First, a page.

The dollar headed for its steepest three-week slide in more than four years as an increasingly cautious Federal Reserve spurred analysts and investors to downgrade forecasts for the greenback.
A Bloomberg index tracking the dollar against 10 major peers reversed gains from the start of the week and slumped to an eight-month low after Fed officials on Wednesday unexpectedly cut their projections for interest-rate hikes to two this year from the four they estimated in December. Macquarie Bank Ltd., one of the world’s top 10 currency forecasters, turned from dollar bull to short-term bear following the Fed meeting. The yen has been the biggest beneficiary of the demise of the dollar rally, surging to the highest in more than a year and outperforming all its major developed-market peers this week.
“The fact that they didn’t raise rates and wound back expectations for future increases in 2016 has obviously hurt the U.S. dollar — and that can continue in the very near term,” said Derek Mumford, a director at Rochford Capital Pty in Sydney, “If dollar-yen closes this week below 111, it puts 107, 108 quite sharply in focus. If we get that in the next week, that does open up quite a possibility that we get intervention.”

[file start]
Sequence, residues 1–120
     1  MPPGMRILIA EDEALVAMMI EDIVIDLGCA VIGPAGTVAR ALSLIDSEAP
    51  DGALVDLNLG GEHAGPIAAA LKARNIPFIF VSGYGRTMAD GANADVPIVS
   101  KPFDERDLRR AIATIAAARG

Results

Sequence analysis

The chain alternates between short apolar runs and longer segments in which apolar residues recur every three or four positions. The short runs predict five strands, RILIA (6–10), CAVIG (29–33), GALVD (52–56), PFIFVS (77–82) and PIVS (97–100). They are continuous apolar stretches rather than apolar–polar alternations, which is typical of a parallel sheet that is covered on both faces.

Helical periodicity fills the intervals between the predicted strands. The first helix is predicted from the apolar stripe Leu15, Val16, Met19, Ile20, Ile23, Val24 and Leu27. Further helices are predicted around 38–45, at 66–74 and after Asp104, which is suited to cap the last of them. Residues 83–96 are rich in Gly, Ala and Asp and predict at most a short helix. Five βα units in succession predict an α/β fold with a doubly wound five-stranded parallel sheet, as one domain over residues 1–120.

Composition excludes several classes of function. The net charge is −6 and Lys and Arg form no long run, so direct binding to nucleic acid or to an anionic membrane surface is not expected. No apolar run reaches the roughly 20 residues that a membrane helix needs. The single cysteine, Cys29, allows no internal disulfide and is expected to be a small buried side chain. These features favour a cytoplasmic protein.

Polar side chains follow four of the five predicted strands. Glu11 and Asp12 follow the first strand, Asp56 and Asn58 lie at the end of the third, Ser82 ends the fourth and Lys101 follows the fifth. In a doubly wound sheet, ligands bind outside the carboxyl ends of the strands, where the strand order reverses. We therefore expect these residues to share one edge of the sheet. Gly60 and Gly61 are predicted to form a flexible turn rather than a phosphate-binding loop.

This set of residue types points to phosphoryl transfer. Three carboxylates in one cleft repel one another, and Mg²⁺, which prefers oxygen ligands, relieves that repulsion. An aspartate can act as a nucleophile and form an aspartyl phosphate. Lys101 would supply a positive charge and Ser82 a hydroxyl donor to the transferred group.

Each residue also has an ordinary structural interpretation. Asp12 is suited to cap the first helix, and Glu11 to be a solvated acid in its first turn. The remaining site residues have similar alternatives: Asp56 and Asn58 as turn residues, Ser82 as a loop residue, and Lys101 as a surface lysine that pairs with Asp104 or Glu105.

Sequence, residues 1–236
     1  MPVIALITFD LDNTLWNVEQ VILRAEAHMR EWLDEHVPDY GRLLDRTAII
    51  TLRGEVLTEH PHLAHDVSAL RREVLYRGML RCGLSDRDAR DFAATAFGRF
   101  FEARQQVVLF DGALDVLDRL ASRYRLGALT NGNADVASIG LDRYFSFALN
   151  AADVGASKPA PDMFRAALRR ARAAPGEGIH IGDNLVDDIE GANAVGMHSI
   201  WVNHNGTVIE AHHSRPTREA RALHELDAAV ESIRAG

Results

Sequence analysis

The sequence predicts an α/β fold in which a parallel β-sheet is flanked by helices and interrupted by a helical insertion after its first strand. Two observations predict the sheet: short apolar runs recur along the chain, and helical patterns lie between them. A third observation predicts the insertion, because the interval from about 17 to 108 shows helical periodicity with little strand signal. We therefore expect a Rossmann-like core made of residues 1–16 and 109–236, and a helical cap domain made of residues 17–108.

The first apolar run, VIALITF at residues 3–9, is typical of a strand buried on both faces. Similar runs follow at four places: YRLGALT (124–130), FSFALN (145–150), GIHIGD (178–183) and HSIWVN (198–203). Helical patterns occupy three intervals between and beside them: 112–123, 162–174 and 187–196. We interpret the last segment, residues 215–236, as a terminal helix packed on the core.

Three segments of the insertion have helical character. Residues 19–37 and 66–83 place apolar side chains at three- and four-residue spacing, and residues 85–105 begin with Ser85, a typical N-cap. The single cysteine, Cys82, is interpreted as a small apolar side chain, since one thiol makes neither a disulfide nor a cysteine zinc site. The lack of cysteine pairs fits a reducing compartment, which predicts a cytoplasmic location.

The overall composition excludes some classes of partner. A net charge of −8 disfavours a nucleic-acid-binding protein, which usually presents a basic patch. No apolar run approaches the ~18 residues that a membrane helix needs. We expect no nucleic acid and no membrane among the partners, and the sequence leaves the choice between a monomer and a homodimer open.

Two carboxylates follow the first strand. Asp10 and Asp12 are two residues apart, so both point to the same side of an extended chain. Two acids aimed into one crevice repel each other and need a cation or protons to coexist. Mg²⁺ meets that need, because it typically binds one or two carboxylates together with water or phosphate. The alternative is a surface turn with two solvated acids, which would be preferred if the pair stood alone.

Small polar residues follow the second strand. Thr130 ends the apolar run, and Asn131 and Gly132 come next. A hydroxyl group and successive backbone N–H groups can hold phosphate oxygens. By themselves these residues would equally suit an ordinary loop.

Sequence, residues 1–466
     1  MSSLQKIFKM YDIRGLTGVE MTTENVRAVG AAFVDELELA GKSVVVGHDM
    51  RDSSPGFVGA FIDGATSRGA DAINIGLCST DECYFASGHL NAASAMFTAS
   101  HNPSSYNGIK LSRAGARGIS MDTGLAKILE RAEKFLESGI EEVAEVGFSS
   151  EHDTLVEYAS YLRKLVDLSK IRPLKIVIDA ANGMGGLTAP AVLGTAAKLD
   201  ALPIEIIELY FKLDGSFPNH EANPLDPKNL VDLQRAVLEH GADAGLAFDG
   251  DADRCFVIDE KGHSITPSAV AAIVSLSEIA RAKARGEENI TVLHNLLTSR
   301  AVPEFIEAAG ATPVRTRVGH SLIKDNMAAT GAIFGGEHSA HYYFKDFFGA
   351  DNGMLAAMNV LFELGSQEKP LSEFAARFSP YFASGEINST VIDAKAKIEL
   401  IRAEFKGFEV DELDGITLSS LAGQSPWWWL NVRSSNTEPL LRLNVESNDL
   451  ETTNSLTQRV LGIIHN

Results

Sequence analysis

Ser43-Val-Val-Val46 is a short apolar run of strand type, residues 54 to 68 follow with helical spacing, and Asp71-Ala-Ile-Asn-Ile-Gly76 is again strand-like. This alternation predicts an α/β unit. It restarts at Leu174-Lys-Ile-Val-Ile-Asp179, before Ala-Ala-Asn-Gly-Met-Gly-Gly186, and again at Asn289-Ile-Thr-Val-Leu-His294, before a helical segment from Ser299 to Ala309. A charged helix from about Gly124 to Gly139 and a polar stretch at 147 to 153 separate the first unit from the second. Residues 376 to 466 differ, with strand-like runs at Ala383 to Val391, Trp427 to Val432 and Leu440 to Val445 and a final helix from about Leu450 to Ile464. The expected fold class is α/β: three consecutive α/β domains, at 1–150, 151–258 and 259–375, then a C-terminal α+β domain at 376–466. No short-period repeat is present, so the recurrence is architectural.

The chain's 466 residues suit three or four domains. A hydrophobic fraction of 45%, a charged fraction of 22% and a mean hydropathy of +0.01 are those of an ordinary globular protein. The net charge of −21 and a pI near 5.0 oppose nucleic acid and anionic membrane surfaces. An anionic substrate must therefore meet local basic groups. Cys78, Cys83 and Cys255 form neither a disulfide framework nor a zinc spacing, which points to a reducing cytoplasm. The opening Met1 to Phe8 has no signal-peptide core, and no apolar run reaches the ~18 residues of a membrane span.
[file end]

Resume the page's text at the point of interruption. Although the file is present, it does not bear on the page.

The Bloomberg Dollar Spot Index was at 1,181.14 as of 10:23 a.m. in Tokyo, down 0.2 percent from Thursday, when it slumped 1.1 percent. It has dropped 1.7 percent this week, and its three-week loss of 4 percent is the biggest since October 2011.
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The dollar dropped 0.4 percent to 110.91 yen Friday, on track for a 2.6 percent slide this week. It reached 110.67 on Thursday, the lowest since October 2014. The greenback was little changed at $1.1323 per euro from the New York close, heading for a 1.5 percent weekly decline.
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